Eczema is a type of dermatitis, and these terms are often used synonymously (e.g., atopic eczema or atopic dermatitis [AD]). Eczema is a reaction pattern that presents with variable clinical findings and the common histologic finding of spongiosis (intercellular edema of the epidermis). Eczema is the final common expression for a number of disorders, including those discussed in the following sections. Primary lesions may include erythematous macules, papules, and vesicles, which can coalesce to form patches and plaques. In severe eczema, secondary lesions from infection or excoriation, marked by weeping and crusting, may predominate. In chronic eczematous conditions, lichenification (cutaneous hypertrophy and accentuation of normal skin markings) may alter the characteristic appearance of eczema.
AD is the cutaneous expression of the atopic state, characterized by a family history of asthma, allergic rhinitis, or eczema. The prevalence of AD is increasing worldwide. Some of its features are shown in Table 71-1.
The etiology of AD is only partially defined, but there is a clear genetic predisposition. When both parents are affected by AD, >80% of their children manifest the disease. When only one parent is affected, the prevalence drops to slightly over 50%. A characteristic defect in AD that contributes to the pathophysiology is an impaired epidermal barrier. In many patients, a mutation in the gene encoding filaggrin, a structural protein in the stratum corneum, is responsible. Patients with AD may display a variety of immunoregulatory abnormalities, including increased IgE synthesis; increased serum IgE levels; and impaired, delayed-type hypersensitivity reactions.
The clinical presentation often varies with age. Half of patients with AD present within the first year of life, and 80% present by 5 years of age. About 80% ultimately coexpress allergic rhinitis or asthma. The infantile pattern is characterized by weeping inflammatory patches and crusted plaques on the face, neck, and extensor surfaces. The childhood and adolescent pattern is typified by dermatitis of flexural skin, particularly in the antecubital and popliteal fossae (Fig. 71-1). AD may resolve spontaneously, but approximately 40% of all individuals affected as children will have dermatitis in adult life. The distribution of lesions in adults may be similar to those seen in childhood; however, adults frequently have localized disease manifesting as lichen simplex chronicus or hand eczema (see below). In patients with localized disease, AD may be suspected because of a typical personal or family history or the presence of cutaneous stigmata of AD such as perioral pallor, an extra fold of skin beneath the lower eyelid (Dennie-Morgan folds), increased palmar skin markings, and an increased incidence of cutaneous infections, particularly with Staphylococcus aureus. Regardless of other manifestations, pruritus is a prominent characteristic of AD in all age groups and is exacerbated by dry skin. Many of the cutaneous findings in affected patients, such as lichenification, are secondary to rubbing and scratching.
Atopic dermatitis. Hyperpigmentation, lichenification, and scaling in the antecubital fossae are seen in this patient with atopic dermatitis. (Courtesy of Robert Swerlick, MD; with permission.)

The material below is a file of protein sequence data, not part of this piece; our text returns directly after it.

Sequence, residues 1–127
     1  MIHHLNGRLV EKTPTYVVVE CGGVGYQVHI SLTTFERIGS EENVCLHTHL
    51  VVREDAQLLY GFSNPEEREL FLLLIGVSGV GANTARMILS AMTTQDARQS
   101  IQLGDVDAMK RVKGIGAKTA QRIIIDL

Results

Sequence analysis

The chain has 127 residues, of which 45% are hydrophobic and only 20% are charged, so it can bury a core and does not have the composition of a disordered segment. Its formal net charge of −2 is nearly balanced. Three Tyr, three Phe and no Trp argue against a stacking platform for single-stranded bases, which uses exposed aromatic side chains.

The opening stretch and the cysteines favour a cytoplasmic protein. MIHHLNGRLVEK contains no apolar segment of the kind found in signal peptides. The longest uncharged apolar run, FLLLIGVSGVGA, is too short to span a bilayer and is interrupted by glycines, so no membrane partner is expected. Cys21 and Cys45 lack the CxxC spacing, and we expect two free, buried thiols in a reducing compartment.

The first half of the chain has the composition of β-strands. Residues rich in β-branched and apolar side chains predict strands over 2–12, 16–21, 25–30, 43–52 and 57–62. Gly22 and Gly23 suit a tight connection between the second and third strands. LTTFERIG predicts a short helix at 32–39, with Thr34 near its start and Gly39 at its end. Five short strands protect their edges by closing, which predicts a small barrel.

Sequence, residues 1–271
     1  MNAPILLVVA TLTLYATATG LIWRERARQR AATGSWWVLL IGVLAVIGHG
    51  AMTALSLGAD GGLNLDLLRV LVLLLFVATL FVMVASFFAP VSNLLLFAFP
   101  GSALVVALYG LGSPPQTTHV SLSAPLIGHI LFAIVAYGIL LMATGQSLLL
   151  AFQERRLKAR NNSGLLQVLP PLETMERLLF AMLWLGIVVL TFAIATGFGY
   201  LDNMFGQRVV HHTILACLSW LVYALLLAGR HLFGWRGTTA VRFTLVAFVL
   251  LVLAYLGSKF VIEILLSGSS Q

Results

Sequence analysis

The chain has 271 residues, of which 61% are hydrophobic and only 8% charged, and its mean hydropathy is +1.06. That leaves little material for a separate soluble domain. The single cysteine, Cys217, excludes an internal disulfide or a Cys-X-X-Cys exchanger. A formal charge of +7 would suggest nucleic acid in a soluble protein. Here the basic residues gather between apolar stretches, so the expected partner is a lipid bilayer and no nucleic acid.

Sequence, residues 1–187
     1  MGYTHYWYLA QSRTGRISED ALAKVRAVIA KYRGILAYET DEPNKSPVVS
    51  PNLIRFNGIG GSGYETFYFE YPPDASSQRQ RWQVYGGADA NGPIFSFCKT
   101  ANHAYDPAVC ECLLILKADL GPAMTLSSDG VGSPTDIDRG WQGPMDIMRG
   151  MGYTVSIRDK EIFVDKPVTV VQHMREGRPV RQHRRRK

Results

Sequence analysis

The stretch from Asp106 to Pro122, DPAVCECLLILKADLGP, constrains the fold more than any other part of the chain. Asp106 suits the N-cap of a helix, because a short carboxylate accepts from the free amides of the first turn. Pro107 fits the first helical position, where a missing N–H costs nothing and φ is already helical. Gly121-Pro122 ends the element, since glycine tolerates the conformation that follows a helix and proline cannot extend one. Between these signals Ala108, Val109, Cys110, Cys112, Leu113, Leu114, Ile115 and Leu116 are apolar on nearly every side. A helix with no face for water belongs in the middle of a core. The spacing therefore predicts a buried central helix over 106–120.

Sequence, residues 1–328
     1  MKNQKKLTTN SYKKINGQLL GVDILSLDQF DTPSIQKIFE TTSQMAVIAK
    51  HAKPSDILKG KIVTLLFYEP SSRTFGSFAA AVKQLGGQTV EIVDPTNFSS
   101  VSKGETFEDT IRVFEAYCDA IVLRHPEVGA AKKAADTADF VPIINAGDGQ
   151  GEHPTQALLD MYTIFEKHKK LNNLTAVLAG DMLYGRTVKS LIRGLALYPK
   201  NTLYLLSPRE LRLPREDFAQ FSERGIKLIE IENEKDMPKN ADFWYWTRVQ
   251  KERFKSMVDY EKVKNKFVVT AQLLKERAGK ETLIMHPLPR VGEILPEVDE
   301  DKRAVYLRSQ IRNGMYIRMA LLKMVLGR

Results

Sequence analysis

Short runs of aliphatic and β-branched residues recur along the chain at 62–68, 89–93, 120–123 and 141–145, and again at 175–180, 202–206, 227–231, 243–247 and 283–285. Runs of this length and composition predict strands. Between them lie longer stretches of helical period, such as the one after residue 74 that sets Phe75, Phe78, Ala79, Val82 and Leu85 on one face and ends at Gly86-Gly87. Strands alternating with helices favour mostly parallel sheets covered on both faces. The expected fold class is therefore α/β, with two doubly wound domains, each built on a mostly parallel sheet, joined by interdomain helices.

TABLE 71-1Clinical Features of Atopic Dermatitis |Favorite Table|Download (.pdf) TABLE 71-1Clinical Features of Atopic Dermatitis
|1. Pruritus and scratching |
|2. Course marked by exacerbations and remissions |
|3. Lesions typical of eczematous dermatitis |
|4. Personal or family history of atopy (asthma, allergic rhinitis, food allergies, or eczema) |
|5. Clinical course lasting >6 weeks |
|6. Lichenification of skin |
TREATMENT Atopic Dermatitis
Therapy for AD should include avoidance of cutaneous irritants, adequate moisturizing through the application of emollients, judicious use of topical anti-inflammatory agents, and prompt treatment of secondary infection. Patients should be instructed to bathe no more often than daily, using warm or cool water, and to use only mild bath soap. Immediately after bathing, while the skin is still moist, a topical anti-inflammatory agent in a cream or ointment base should be applied to areas of dermatitis, and all other skin areas should be lubricated with a moisturizer. Approximately 30 g of a topical agent is required to cover the entire body surface of an average adult.
Low- to mid-potency topical glucocorticoids are employed in most treatment regimens for AD. Skin atrophy and the potential for systemic absorption are constant concerns, especially with more potent agents. Low-potency topical glucocorticoids or nonglucocorticoid anti-inflammatory agents should be selected for use on the face and in intertriginous areas to minimize the risk of skin atrophy. Two nonglucocorticoid anti-inflammatory agents are available: tacrolimus ointment and pimecrolimus cream. These agents are macrolide immunosuppressants that are approved by the U.S. Food and Drug Administration (FDA) for topical use in AD. Reports of broader effectiveness appear in the literature. These agents do not cause skin atrophy, nor do they suppress the hypothalamic-pituitary-adrenal axis. However, concerns have emerged regarding the potential for lymphomas in patients treated with these agents. Thus, caution should be exercised when these agents are considered. Currently, they are also more costly than topical glucocorticoids. Barrier-repair products that attempt to restore the impaired epidermal barrier are also nonglucocorticoid agents and are gaining popularity in the treatment of AD.